Finally, the older monk interrupted the flow of criticism and said to his companion, “Brother, I left the girl by the river bank. Are you still carrying her?”

There are probably lot of interpretations of these stories, but there is one important spiritual message that seems to be the same, in both, to me. Namely that when faced with a choice in life, we choose the compassionate or kind option, rather than turn to scripture or rules. How do these stories speak to you?

Music – Morning has Broken

Reading

Extract from “Daily Meditations for Calming Your Mind” by Jeffrey Brantley and Wendy Millstine, published by New Harbinger Publications

“Everything in this life depends on conditions and elements in order to exist. For example, a rainbow forms in front of you while you water your garden. For this to happen, the necessary elements – light, water, you holding the hose, and other factors – assemble in the present moment. If any of these elements (each of which is formed by other elements) is missing, the rainbow does not appear. For the rainbow to come into existence, different elements that are not rainbows must come together in a particular combination to create it. The rainbow only exists when all of these elements are present and join together. The rainbow is dependent on and connected to each of the elements, which are necessary for the rainbow to come in to being. In this view, you can see that the rainbow is made of non-rainbow elements and deeply interconnected with them.”

You may wish to pause for time of quite reflection or prayer.

“Find a place of stillness within yourself” – The Gospel of
Thomas

“With a quiet mind seek harmony within yourself” – The Bhagavad Gita

Reflection

I love the idea, expressed in our second reading, that the elements that come together to create a rainbow are non-rainbow elements. You cannot see a rainbow in any of them, but in coming together they have the potential to create something new and, in this case, beautiful and of the moment. The rainbow potential is there waiting to be discovered, experienced and enjoyed in the non-rainbow elements.

Think for a moment about all the elements that have brought you to the place where you are, and look at all the objects around you, or the trees or clouds outside your window. Somehow you are here at this time and place. In part due to choices you made, in part due to circumstances. The wretched virus, for example, has played its part in where we are today. And as we share this time, listen to words and music, new thoughts and feelings emerge. Unique to us all and yet shared in some way.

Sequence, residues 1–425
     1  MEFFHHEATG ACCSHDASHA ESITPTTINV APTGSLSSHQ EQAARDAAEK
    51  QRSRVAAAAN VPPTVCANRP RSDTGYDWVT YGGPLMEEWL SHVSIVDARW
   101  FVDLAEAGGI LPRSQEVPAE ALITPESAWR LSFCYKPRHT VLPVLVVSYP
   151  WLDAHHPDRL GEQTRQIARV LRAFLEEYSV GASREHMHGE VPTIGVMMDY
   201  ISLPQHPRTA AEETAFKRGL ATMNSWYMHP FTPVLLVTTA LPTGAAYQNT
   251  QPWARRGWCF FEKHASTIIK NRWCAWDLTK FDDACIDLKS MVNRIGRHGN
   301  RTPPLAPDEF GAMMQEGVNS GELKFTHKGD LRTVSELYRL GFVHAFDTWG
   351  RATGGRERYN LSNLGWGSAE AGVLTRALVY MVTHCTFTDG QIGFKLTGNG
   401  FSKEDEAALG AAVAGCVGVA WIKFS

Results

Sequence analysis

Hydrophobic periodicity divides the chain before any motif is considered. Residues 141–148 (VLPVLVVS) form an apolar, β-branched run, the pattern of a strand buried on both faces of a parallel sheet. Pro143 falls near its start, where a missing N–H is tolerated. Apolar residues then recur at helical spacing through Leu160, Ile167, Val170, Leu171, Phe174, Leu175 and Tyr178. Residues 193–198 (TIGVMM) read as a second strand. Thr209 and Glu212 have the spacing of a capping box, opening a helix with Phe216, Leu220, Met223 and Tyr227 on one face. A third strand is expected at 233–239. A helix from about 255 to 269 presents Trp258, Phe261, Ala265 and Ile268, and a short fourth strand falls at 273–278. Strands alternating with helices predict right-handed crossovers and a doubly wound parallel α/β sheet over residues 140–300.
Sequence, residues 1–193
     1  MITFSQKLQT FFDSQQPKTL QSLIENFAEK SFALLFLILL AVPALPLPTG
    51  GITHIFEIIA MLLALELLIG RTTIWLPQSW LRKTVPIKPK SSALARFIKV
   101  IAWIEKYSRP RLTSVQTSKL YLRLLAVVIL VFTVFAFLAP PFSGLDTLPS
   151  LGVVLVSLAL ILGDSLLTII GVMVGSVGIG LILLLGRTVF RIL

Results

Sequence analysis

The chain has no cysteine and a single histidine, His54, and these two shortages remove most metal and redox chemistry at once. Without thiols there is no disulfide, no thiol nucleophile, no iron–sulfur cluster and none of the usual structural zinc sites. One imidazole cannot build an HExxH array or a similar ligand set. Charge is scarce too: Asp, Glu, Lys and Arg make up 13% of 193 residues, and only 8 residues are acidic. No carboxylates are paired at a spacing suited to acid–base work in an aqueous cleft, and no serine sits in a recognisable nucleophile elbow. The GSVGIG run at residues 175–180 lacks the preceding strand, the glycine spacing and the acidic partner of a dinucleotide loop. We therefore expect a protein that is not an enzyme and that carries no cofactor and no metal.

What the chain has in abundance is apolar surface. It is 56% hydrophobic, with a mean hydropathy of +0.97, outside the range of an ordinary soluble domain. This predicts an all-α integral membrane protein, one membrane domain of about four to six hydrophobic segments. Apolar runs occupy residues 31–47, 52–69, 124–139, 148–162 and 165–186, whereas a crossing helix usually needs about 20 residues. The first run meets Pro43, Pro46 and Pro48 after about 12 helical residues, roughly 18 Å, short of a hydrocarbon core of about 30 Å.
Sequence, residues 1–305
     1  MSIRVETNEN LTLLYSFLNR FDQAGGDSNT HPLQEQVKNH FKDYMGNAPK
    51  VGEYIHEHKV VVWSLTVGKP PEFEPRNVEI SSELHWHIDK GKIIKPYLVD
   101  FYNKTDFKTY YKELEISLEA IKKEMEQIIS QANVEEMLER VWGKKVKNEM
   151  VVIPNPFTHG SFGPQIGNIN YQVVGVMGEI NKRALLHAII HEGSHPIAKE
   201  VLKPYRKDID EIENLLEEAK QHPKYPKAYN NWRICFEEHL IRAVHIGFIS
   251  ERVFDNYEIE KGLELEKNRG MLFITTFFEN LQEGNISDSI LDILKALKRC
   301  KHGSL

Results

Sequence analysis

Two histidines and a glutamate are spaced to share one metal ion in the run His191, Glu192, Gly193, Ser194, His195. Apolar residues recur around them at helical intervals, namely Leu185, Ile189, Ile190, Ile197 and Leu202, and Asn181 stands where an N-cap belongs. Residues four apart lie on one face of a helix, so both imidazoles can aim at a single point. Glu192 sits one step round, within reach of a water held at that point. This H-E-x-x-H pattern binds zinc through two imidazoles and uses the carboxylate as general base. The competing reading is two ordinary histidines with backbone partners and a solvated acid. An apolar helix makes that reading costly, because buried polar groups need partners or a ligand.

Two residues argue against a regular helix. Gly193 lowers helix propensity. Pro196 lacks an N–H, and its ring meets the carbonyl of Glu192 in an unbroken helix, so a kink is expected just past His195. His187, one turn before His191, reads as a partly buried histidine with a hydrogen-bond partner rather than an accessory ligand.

This emergence of new of new thoughts, things, objects even life itself is happening all the time, in ways beyond our plans and calculations and often beyond our understanding. To give you another perhaps obscure example, I read recently about scientists at Warwick University who were researching medieval remedies. Acientbiotics they call it! One mixture known as “Bald’s eyesalve” and containing onion, garlic, wine and bile salts (yuk!) showed promising antibacterial qualities, and low levels of damage to human cells.
Of the ingredients, only garlic is known to have properties against single-cell bacteria, but none against multi-cell bacteria. The effectiveness of the mixture is not attributable to any single ingredient, but requires that unique combination. Something new and unpredictable emerging from, at first glance, unpromising elements.

The passage quoted in our reading is an extract from a piece introducing the reader to the idea of mutual interdependence and connectedness. Which I think is another important idea for us to consider. The rainbow in the garden is simply a small but beautiful illustration of the idea that “everything in this life depends on other conditions and elements in order to exist.” Nothing exists in isolation. The meditation practice, in this case, is a way to help us see this, to have a new perspective and understanding. A new understanding that may have profound effects on the choices we make, and the way we act in the world.